In terms of fashion, the races tend to conjure images of large hats competing for attention, silk tea dresses, and for some, a pivotal scene from Pretty Woman. But a group of fashion students from the prestigious Central Saint Martins College of Arts and Design saw beyond this, and, inspired by a day at the races, have created garments for a one-off exhibition in East London titled 'A Day at the Races'.
The Annexe, part of the renowned Brick Lane Gallery, will host the unique designs from the 13 – 18 June 2012, offering the public the opportunity to see the students’ modern and vibrant take on attire for a day at the races, at this six-day, free-to-view exhibition. Featuring twenty-three designs created by fashion design students specialising in womenswear, the exhibition showcases a range of handmade garments from a futuristic take on a top hat and tails, to traditional tweed, couture dresses, hand-stitched quilting and turf-inspired shoes.
The students on the course - alumni include Stella McCartney, Christopher Kane and Hussein Chalayan - were answering a cut-and-make brief set by Racing for Change, an initiative set up to broaden the appeal of horseracing.
Willie Walters, Course Director of BA (Hons) Fashion at Central Saint Martins describes how the project's designs were developed: “Starting with an exhilarating outing to Newbury Racecourse, students began working on themes which they drew from their experience of the day. They researched equestrian dress, attended a lecture from fashion historian Marie McLoughlin on the development of the riding habit and finally made their decisions on their own particular avenue of research to follow in order to create their fashion silhouette. The results can now be seen at this exhibition.”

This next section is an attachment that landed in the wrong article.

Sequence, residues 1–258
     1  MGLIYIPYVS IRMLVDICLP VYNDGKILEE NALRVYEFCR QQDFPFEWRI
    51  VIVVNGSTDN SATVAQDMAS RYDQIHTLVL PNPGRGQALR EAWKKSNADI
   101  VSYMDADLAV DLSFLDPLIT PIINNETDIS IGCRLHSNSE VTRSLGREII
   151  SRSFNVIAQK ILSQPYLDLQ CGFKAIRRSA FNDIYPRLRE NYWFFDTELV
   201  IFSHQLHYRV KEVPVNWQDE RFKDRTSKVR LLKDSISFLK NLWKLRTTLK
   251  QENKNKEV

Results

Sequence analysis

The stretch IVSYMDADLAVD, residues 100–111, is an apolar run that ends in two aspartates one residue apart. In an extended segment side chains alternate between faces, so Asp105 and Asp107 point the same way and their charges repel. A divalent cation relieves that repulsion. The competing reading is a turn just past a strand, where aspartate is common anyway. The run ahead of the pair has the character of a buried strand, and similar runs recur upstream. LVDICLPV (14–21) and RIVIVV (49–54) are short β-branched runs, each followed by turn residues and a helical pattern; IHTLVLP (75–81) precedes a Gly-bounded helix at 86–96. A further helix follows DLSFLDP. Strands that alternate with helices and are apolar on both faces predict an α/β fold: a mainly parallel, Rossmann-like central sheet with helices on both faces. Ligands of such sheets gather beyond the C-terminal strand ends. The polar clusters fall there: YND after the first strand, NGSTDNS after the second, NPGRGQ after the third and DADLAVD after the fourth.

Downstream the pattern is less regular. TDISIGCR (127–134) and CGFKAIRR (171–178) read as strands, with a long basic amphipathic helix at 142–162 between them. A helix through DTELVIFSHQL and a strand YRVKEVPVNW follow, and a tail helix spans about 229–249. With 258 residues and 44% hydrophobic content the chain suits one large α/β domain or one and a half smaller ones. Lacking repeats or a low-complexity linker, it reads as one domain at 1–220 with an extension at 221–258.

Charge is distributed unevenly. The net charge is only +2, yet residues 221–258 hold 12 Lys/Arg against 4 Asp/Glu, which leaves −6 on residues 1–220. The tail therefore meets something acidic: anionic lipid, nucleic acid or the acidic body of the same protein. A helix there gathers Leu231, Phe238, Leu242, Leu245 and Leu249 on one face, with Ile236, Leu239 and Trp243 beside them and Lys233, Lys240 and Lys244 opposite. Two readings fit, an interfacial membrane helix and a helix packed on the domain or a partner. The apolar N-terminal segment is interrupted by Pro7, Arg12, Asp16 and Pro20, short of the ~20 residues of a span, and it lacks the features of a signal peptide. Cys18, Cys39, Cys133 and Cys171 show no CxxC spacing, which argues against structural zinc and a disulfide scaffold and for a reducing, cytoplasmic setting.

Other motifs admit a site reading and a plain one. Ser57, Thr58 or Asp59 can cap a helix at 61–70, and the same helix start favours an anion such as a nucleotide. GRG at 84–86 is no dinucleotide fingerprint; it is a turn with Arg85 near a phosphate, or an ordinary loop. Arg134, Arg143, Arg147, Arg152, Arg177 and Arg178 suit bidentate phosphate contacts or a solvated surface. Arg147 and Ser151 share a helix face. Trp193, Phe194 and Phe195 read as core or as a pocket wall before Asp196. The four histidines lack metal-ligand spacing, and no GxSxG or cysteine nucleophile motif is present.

I unfortunately am not able to attend, but I do have a few favourites from the exhibition lookbook. Here's a preview, along with the designer's story behind the outfit:
RICHARD MALONE. This design was inspired by Richard’s trip to Newbury Racecourse, when he observed some children who were also at the raceday. They were fully immersed in the day’s activities, and were observed spinning in every direction as they tried to take in all of the excitement. The dress is made of hand-painted panels, each of which represents a scene from the races through a child’s perspective. It has been carefully tailored to flare during movement, based on the children’s original spinning movement.
DAISY COLLINGRIDGE. The inspiration for this garment came from photographs taken at some local riding stables, when Daisy got an insight into the lives of horses and how they are looked after. The horses were all absent from their stables, but their blankets and other gear remained. The quilted numnahs, which sit beneath the saddle, is where the inspiration for this dress has come from; incorporating horse images within a hand-quilted design.
NICOLE WALUGEMBE NABISERE. A trip back to Uganda Kampala reminded Nicole of her home life, which she then compared to the classism of 18th century Britain. This resulting traditional court coat turns into a shower proof jacket – protection against Britain’s rainy weather – and also incorporated Ugandan fabrics to represent the tribes from her home country. The trousers are shaped on the jockey’s breeches.
Photos: Wiglius de Bie